Wednesday, October 10, 2012


For anyone who believes Mitt Romney isn't a liar, and didn't lie during the debate, this is worth a read. At the end of the very long list of debate lies, with links to facts in each case, there are additional links to thirty-six other posts chronicling The Rominee's never-ending mendacity. The total number of lies is overwhelming. Here's but a sampling:

... 4. In the same speech, Romney said Obama "spending more and more, borrowing more and more, putting us on a road to Greece."
That's painfully untrue.
5. In Wednesday night's debate, Romney said, "I don't have a $5 trillion tax cut. I don't have a tax cut of a scale that you're talking about."
Independent analysts determined the proposed across-the-board rate cut wouldcost $5 trillion.
6. Romney said, "I'm not going to reduce the share of taxes paid by high-income people. High-income people are doing just fine in this economy."
That's not true. The wealthy would receive a massive, disproportionate tax breakunder the Romney plan.
7. Romney said, "[G]asoline prices have doubled under the president."
To blame gas prices on the president's policies is ridiculously untrue.
8. Romney said, "I'm not going to cut education funding. I don't have any plan to cut education funding and grants that go to people going to college."
That's a lie.
9. Romney argued, "Energy is critical, and the president pointed out correctly that production of oil and gas in the U.S. is up. But not due to his policies. In spite of his policies. Mr. President, all of the increase in natural gas and oil has happened on private land, not on government land."
Wrong. ...

The most straight-up, out-and-out, flying in the face of reality without a care in the world lie of all -- equivalent to claiming Moses came over on the Mayflower or that two plus two is ten -- is that the president doubled the deficit. There's no planet, no math, not even "new math," in which that's true. By any measure. The deficit is less than it was when Bush slithered away, and continues to drop. It's high, that's for sure. But to say it's doubled is to assume the people to whom you're speaking are stupid. Which, if they believe it, they are.

What kind of person says something so totally false, in front of a nation of viewers? With access to, say, the internet. I guess we know: an amoral cipher, with no beliefs of his own. Confident that enough voters have been Foxified into dumb acceptance or too distracted by the latest conspiracy theory to care about anything else.

What are the chances people impressed with Romney's debate performance will get the facts and reconsider? One thing for sure: The Rominee and his team answered that question to themselves before embarking on the plan to lie their way through it: approximately zero. That's why they chose to aim for the low-information voters, and to keep them that way.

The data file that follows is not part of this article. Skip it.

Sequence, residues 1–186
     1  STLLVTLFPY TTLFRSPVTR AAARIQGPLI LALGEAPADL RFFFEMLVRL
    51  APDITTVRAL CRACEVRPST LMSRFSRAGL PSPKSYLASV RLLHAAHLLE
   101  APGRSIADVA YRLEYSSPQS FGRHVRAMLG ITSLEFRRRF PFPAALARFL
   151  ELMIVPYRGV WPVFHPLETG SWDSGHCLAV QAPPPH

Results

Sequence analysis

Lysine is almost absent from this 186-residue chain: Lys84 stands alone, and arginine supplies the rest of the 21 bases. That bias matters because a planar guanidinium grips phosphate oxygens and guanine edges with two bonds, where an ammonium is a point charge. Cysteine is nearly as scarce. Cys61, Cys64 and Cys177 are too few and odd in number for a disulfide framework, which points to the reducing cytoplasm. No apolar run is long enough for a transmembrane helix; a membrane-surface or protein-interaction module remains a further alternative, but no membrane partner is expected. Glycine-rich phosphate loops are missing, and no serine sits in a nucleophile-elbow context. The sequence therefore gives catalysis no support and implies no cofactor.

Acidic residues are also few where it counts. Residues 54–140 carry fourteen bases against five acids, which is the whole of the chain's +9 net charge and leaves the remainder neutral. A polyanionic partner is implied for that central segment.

Imagine the conversations that went on in Romney's debate prep: "We have something we think will work for you, Governor, but it's a lie." "And your problem with that is.... what?"

[I wrote this one the day after the debate. Little did I know how effective it would be, how much teabaggers prefer lies to truth, how they rally when they hear them, like blood into corpora cavernosa.]

[And here's another lie, hot off the presses.]

 [Image source]


Anonymous said...

Stephanie Cutter admitted that the $5 trillion thing is wrong.


Sid Schwab said...

Well, not entirely. The problem is that Romney and Ryan refuse to explain how they'll make up for their tax cuts. Romney has stated, clearly, that he intends a "20% across the board cut for all Americans." He's said he'll increase spending on military by two trillion dollars.

Analyses of the cuts say it's around 4.8 trillion (close to 5, right?). Add the two trillion, and you have 7 trillion to make up somehow. He won't say how, other than killing Big Bird and Planned Parenthood, which, as I see it, will fall a little short.

Until the R/R boys specify what spending they'll be cutting and/or what loopholes they'll be ending, and how much they expect to recover from those moves, the cuts in taxes remain unexplained, in terms of balancing the budget.

Romney says he'll make it all revenue neutral. (That was rolled out for debate purposes.) He won't say how. Others say it's impossible unless you cut domestic spending to near zero.

The $5 trillion isn't wrong in terms of the cuts in taxes Romney says he'd make (or did say, for eight years, until the debate) stand as a fair number (a low one, when you include defense spending going up) until he shows how he plans to address it.

And the rest of the lies....?

Anonymous said...

…like blood into corpora cavernosa

Well played, sir. Well played.

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